Based in part on the lessons learned from the Boston Beer Company IPO, Bill Hambrecht was inspired to start WR Hambrecht + Co, with the express purpose of “leveling the playing field and enabling all classes of investors to participate in IPOs, to be a part of the pricing, through a transparent, technology-driven process.” Mind you, this was still back in 1998, just as the web was becoming mainstream, which White saw as the key difference that would allow them to succeed.

According to White, Hambrecht’s inspiration was: “What if we built a company that was based on technology, where we could do broad distribution and market deals to all eligible and suitable investors?” It’s an important distinction because, as White explains, “what most people don’t realize is, while almost everybody is eligible to buy shares in an initial public offering, very few people get access, because traditional underwriters focus on a narrow distribution, generally to their best institutional clients. So, for example, you and I don’t necessarily get access to the hottest IPOs, like Alibaba (BABA), even though you and I are suitable investors. You don’t have to be an accredited or professional investor, or even have any investing history to participate in an IPO.”

Hambrecht Advises Congress on How Reg A Can Grease the Wheels of IPOs

WR Hambrecht + Co’s connection to the JOBS Act started early...about three years before the JOBS Act was passed. As White tells it, “Bill Hambrecht was called before Congress in 2009, specifically to advise them on ways in which growing companies in the United States can access capital, expand and create jobs.

They brought Bill in and said, look, you're the IPO guy. Tell us what we can do. Bill replied, ‘You should look at Reg A’.”

Regulation A began with the 1933 Act. It was initially meant to be a small public offering of freely tradable shares. However, “the problem with Reg A under the old rules,” says White, “is that it only allowed a company to raise up to $5 million - which doesn’t go as far now as it did back in 1933.” It also requires filing through onerous Blue Sky laws, which can be prohibitively expensive. “So, Bill advised them to raise the limit on Reg A and give companies the ability to file with the SEC, which would pre-empt Blue Sky requirements, like a conventional IPO."

Though it took several years, legislation was drafted, and was finally incorporated into the JOBS Act of 2012 as Title IV: Changes to Regulation A. Thanks in large part to WR Hambrecht + Co, the terms “A+ IPO” and “mini-IPO” are becoming a ubiquitous part of wall street vernacular.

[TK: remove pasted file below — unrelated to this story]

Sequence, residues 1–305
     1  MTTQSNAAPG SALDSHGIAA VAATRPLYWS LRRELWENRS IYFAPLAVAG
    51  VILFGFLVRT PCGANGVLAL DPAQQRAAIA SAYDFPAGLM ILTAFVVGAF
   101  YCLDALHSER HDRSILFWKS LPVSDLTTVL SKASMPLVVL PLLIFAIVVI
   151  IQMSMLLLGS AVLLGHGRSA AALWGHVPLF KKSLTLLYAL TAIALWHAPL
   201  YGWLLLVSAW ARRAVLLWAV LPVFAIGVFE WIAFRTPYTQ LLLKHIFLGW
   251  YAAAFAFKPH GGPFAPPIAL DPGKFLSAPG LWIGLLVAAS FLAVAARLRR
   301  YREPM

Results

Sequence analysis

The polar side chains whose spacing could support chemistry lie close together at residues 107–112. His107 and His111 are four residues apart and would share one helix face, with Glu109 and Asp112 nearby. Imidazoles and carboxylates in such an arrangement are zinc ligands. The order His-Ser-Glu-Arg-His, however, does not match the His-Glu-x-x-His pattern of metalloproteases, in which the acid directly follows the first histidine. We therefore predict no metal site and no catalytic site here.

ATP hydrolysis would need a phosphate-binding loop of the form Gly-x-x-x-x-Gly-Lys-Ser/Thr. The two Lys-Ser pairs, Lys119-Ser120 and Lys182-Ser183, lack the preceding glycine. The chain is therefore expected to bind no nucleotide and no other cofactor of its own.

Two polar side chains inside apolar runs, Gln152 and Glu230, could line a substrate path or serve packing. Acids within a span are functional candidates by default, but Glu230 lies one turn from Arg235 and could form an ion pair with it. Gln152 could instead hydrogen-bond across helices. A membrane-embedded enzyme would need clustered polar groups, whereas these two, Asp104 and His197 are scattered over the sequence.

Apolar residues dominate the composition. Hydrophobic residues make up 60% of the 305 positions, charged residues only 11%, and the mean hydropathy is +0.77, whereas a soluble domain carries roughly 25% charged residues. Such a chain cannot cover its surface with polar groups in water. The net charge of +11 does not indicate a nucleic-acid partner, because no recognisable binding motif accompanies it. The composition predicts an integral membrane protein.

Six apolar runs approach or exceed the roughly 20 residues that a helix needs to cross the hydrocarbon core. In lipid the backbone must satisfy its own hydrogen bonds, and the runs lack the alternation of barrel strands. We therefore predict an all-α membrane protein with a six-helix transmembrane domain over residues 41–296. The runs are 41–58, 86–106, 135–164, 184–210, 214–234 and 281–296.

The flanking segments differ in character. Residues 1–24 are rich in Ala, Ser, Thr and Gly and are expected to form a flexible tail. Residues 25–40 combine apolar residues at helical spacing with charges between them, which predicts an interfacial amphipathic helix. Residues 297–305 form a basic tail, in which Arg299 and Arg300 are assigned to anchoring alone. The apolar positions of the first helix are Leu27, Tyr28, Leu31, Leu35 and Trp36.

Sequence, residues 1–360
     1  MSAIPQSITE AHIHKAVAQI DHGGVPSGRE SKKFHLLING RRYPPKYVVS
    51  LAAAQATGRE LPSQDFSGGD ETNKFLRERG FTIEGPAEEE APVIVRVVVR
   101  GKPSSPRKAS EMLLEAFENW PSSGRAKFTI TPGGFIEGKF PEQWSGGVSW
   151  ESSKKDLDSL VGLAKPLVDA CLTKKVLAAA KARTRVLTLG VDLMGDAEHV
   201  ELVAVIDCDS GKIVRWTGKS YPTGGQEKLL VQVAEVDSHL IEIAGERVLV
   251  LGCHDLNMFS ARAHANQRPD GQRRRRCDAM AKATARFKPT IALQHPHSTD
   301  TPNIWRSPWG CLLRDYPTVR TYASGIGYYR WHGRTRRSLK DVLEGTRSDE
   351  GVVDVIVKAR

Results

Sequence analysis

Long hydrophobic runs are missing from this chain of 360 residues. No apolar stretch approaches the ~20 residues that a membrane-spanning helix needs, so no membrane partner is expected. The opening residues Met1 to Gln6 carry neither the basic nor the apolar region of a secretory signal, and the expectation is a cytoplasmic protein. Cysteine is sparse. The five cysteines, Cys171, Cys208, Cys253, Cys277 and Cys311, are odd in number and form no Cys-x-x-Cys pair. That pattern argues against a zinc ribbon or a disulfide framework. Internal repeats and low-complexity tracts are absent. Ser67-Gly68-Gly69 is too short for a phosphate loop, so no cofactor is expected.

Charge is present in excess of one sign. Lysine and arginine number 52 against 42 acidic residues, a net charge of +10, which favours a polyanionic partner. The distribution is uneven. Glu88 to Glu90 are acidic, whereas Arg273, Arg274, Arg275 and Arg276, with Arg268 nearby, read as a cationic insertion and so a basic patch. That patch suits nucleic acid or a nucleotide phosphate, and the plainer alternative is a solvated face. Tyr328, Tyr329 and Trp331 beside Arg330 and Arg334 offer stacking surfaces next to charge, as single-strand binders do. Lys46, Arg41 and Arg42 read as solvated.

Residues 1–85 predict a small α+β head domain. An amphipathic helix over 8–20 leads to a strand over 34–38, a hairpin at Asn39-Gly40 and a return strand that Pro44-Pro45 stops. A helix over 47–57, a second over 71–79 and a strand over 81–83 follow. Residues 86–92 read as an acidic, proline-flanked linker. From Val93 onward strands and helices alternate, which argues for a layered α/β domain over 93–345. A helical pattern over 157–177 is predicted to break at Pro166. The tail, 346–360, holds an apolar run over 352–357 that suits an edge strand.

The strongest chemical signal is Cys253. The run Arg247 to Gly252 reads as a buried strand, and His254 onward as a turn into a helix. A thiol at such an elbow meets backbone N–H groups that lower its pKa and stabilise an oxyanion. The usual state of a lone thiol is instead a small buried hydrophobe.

Continuing to Broaden Market Opportunities for Average Investors

WR Hambrecht + Co’s long track record of identifying issuers whose businesses exhibit characteristics of disruptive innovation, coupled with the firm’s involvement with Reg A legislation and its efforts as a pioneer in opening up IPO investing to the public are critical factors that set the firm apart from the growing number of funding portals in the space. “All of the funding portals today are startups,” says White. “Most of them don’t have backgrounds in investment banking and public offerings, and most of them seem to approach Reg A+ as if it's either a larger scale crowdfunding exercise, or a private placement that you can sell to the general public. I think it’s a mistake for issuers and portals to look at it that way.”

Moving forward, White anticipates the firm will continue to push toward a more open and level marketplace for all participants. “We continue to refine our offering mechanics to create the most efficient process for issuers and investors, while staying true to the legal and regulatory framework provided by FINRA and the SEC. Our process will continue to evolve as we learn what works and what doesn’t, and we absolutely learn more every day. We may one day even apply our auction process to an A+ IPO,” says White.

“One of the things that we wanted to do since we started the firm 15 years ago was to build a truly open platform for all suitable investors to participate in our offerings, regardless of whether they had a brokerage account with us. Under the conventional IPO process, we really didn’t see a way to do that, so we had everybody either open an account with us or have an account with a participating dealer. Now, I think we have finally cracked the code on how we can get anybody into an A+ mini-IPO offering in whatever way they're comfortable participating, from sophisticated institutional and professional investors to those investors who may not have a brokerage account at all.”

DISCLOSURE: The views and opinions expressed in this article are those of the authors, and do not represent the views of equities.com. Readers should not consider statements made by the author as formal recommendations and should consult their financial advisor before making any investment decisions. To read our full disclosure, please go to: http://www.equities.com/disclaimer.


Symbol Name Price Change % Volume
SAM Boston Beer Company Inc. (The) 387.73 -2.43 -0.62 203,979 Trade
BABA Alibaba Group Holding Limited American Depositary Shares each representing one 175.29 4.13 2.41 13,814,343 Trade
INTC Intel Corporation 52.65 1.01 1.96 18,970,764 Trade
ADBE Adobe Inc. 279.39 1.61 0.58 1,969,235 Trade
RHHBY Roche Holding Ltd ADR (Sponsored) 36.21 0.19 0.53 1,090,808



Symbol Last Price Change % Change